IMR Press / FBE / Volume 1 / Issue 2 / DOI: 10.2741/E40

Frontiers in Bioscience-Elite (FBE) is published by IMR Press from Volume 13 Issue 2 (2021). Previous articles were published by another publisher on a subscription basis, and they are hosted by IMR Press on imrpress.com as a courtesy and upon agreement with Frontiers in Bioscience.

Open Access Article
Role of cytokines in the endometrial-peritoneal cross-talk and development of endometriosis
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1 Leuven University Fertility Centre, Department of Obstetrics and Gynaecology, University Hospital Gasthuisberg, Herestraat 49, B3000 Leuven, Belgium
2 Department of Obstetrics and Gynaecology, Karolinska Hospital, Stockholm, Sweden
3 Division of Reproductive Biology, Institute of Primate Research, P.O Box 24481, Karen 00502, Nairobi, Kenya
4 Department of Obstetrics and Gynaecology, National Health Center, Budapest, Hungary
Academic Editor:Ali Akoum
Front. Biosci. (Elite Ed) 2009, 1(2), 444–454; https://doi.org/10.2741/E40
Published: 1 June 2009
(This article belongs to the Special Issue Endometriosis: an enigmatic disease)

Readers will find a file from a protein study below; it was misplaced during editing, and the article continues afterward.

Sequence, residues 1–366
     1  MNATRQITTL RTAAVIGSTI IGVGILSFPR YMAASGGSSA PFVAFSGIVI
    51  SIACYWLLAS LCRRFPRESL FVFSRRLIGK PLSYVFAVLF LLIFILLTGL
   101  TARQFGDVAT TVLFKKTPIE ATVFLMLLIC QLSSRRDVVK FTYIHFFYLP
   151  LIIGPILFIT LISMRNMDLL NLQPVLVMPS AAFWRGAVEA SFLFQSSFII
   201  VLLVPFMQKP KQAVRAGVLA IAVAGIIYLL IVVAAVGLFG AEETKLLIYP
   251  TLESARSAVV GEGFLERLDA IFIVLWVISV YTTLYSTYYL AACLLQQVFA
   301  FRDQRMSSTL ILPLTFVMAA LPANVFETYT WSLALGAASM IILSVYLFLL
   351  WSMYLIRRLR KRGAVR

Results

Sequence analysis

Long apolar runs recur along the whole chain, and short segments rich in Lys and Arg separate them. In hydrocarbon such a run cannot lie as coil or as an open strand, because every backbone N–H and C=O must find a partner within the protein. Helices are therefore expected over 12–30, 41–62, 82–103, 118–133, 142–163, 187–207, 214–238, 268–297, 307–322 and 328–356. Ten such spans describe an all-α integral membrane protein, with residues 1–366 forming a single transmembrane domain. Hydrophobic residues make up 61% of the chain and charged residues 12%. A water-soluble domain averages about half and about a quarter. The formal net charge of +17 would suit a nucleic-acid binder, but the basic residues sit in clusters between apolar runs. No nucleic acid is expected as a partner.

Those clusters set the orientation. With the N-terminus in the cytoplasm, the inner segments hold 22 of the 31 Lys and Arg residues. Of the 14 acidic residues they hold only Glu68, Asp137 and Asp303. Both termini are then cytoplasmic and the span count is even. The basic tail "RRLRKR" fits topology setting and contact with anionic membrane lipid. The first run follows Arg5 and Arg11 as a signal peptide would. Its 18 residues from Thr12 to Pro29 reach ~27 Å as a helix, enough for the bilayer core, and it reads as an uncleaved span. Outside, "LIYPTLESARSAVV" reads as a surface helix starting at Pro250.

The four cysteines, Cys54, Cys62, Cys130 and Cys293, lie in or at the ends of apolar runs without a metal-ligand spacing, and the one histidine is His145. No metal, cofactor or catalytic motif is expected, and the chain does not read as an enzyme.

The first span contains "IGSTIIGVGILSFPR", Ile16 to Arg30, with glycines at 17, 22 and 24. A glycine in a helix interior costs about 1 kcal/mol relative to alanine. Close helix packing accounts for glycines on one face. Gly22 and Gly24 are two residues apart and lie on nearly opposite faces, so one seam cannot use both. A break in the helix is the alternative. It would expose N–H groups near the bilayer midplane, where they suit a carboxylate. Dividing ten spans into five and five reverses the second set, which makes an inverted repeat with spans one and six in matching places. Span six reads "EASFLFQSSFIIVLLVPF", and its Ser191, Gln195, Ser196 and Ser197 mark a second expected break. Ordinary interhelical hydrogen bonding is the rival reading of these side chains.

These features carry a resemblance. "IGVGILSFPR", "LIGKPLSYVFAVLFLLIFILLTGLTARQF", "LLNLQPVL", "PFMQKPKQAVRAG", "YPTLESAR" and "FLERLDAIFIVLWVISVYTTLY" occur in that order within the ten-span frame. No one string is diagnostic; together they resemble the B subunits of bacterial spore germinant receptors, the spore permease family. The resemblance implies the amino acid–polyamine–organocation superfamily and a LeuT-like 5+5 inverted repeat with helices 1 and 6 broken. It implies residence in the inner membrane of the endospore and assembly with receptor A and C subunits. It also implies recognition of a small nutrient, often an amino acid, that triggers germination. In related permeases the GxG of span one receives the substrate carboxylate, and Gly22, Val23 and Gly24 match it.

Abstract

A clear picture of the dynamic relationship between the endometrium and peritoneum is emerging as both tissues may participate in the spontaneous development of endometriosis. Various adhesion molecules, pro-inflammatory cytokines and chemoattractants cytokines have emerged as central coordinators of endometrial-peritoneal interactions. The peritoneal microenvironment which consists of the peritoneal fluid, normal peritoneum and peritoneal endometriotic lesions may play an active role in the pathogenesis of endometriosis, by harbouring most inflammatory responses that are triggered by the presence of endometrial cells, leading to recruitment of activated macrophages and leukocytes locally. Menstrual endometrium has the ability to bond and invade the peritoneal tissue. In baboons intrapelvic injection of menstrual endometrium permits the study of early endometrial-peritoneal interaction in an in vivo culture microenvironment and can lead to important insight in the early development of endometriotic lesions. In this review, we discuss the roles of the endometrial-peritoneal interactions, not only in disease development but also in the broader process of aetiopathogenesis.

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